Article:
I'm awaiting your thoughts on all this -- I'm sure you wouldn't like it as well as you do without there being something redeeming in it. I would be happy to be convinced I am wrong about this series. Thanks for allowing me to get this all out and as I said, feel free to delete all of these posts -- I would have e-mailed you but I can only check e-mail here at the hospital and not send it for some bizarre reason.

    I love your blog and read it faithfully even though I rarely comment -- I've read quite a bit of the archives, too, maybe most of them, though I haven't gone through it methodically except for the first two years of posts. I've enjoyed a lot of the links you've shared, too. So thank you for this wonderful public service of blogging. :) Love to you and Lou and Maia (whose appearances I richly appreciate :)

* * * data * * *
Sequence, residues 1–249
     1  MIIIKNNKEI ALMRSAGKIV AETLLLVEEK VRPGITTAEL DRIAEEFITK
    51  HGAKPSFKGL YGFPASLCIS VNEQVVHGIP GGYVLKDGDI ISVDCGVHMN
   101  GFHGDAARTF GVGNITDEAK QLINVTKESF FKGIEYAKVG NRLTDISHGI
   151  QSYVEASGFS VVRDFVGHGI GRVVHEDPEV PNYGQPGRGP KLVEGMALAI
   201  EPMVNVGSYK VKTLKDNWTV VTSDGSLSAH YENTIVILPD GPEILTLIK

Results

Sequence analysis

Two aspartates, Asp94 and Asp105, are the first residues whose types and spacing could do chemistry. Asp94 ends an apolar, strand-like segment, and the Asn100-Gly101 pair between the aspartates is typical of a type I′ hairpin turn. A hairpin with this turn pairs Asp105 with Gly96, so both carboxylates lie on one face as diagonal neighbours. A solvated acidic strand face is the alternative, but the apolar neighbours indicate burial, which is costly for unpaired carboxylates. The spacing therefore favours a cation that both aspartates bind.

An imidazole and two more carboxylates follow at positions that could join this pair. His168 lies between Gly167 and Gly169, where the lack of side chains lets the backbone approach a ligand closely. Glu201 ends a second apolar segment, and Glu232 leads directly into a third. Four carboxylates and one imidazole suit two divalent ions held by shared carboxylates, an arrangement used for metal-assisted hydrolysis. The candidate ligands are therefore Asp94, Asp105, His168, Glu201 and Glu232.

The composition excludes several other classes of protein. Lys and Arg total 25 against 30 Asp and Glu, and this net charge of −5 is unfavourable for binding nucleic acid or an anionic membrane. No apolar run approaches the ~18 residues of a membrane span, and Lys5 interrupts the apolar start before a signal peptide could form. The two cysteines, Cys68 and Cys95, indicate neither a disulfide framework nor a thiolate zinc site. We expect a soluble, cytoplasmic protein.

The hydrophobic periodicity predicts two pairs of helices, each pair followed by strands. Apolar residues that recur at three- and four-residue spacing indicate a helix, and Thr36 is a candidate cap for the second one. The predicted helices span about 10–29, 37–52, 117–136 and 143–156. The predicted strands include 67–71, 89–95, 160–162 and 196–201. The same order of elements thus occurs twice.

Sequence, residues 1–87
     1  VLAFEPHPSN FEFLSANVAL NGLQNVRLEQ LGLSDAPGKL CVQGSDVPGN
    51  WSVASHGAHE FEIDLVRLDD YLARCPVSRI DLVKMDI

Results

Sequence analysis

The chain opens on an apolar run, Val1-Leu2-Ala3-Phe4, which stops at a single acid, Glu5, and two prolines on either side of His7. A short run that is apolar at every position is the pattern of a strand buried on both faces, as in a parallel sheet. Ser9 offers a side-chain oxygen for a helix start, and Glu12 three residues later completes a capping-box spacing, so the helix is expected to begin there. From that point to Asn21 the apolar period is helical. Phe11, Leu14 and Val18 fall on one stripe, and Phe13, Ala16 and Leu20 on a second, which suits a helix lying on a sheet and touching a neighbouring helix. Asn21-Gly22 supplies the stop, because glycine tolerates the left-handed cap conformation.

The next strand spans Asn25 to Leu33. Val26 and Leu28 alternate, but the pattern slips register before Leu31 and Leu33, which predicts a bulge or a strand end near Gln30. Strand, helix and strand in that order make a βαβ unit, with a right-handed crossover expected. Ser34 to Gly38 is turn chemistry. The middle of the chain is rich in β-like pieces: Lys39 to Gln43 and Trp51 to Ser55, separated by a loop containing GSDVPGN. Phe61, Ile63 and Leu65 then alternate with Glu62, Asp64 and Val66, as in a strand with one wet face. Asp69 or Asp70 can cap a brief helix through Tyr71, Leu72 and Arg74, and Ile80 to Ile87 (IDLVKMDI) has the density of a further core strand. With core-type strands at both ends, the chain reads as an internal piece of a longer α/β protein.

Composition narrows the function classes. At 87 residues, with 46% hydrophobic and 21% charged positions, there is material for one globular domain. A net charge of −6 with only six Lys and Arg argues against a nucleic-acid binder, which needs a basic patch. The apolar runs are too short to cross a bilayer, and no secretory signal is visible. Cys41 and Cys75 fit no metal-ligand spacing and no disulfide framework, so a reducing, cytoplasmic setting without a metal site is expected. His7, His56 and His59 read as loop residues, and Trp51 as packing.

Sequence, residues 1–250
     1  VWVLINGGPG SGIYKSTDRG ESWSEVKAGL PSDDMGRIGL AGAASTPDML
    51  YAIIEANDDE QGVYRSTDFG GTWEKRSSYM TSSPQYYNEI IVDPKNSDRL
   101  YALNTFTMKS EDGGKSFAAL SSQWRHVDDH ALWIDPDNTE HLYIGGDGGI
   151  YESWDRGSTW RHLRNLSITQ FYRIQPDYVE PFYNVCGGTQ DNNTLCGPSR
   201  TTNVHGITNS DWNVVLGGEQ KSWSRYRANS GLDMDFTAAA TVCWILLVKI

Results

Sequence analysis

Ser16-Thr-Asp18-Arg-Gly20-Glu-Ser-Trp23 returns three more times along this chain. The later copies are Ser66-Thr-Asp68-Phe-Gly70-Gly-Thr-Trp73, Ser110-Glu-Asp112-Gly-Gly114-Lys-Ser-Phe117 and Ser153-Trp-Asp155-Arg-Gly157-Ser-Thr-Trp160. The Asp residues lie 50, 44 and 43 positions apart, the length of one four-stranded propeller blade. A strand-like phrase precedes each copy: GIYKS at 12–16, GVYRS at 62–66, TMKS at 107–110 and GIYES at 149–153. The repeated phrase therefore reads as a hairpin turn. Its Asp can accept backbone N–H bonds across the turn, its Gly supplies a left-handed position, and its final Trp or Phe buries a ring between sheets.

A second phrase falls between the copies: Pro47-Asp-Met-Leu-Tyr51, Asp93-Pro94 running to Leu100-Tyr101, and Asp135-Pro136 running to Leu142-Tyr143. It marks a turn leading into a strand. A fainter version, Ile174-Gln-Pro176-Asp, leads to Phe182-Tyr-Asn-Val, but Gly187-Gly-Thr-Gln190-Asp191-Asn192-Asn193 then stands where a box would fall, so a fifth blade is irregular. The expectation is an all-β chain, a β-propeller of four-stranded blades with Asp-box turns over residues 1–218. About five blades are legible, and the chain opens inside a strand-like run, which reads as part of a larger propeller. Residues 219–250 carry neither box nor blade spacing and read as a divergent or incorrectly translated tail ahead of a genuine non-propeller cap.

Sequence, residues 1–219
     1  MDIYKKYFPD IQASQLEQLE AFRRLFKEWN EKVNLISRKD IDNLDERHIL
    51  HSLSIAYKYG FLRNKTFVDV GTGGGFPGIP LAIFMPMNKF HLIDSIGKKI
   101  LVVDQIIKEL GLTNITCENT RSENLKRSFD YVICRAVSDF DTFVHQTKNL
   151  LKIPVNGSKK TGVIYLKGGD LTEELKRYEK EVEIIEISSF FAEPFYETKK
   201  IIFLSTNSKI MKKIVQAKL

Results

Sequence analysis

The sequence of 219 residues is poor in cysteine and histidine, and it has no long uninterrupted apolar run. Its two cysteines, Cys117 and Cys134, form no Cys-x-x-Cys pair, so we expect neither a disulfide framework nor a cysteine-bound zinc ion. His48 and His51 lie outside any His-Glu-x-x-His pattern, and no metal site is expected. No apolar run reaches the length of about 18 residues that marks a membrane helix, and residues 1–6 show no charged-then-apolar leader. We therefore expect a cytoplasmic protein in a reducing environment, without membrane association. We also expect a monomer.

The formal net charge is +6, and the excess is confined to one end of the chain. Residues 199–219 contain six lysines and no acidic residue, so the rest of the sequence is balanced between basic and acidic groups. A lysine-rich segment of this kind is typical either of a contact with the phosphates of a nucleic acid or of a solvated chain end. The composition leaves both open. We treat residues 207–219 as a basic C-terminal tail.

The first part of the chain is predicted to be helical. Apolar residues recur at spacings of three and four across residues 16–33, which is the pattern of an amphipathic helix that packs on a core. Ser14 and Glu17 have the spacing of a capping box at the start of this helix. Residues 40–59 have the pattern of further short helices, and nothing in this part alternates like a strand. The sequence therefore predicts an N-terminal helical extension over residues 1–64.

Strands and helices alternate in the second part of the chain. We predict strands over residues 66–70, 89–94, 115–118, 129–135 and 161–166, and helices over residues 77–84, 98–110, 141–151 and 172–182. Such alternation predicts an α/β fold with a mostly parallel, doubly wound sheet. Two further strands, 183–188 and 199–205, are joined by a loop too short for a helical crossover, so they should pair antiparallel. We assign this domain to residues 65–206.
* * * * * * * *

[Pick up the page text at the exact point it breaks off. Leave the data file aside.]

~Maria

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  10. Hey, Maria,

    I'm whipped after staying up all night, but wanted to let you know that I've enjoyed watching these comments come in and will respond as soon as I can. For now, suffice it to say that I agree with some of your points more than you might think, respect you and all your thoughts, and will let you know where I had a different take on things so you can decide what to make of that.

    Thanks for managing to write a scathing review of a set of books I enjoy without making it feel at all like an attack on me. It's a startling joy to have good-natured, honest, kindly debate in this ad hominem world.

    Praying for you and the baby! And Dan, too, of course. :)

    Love,
    Jenna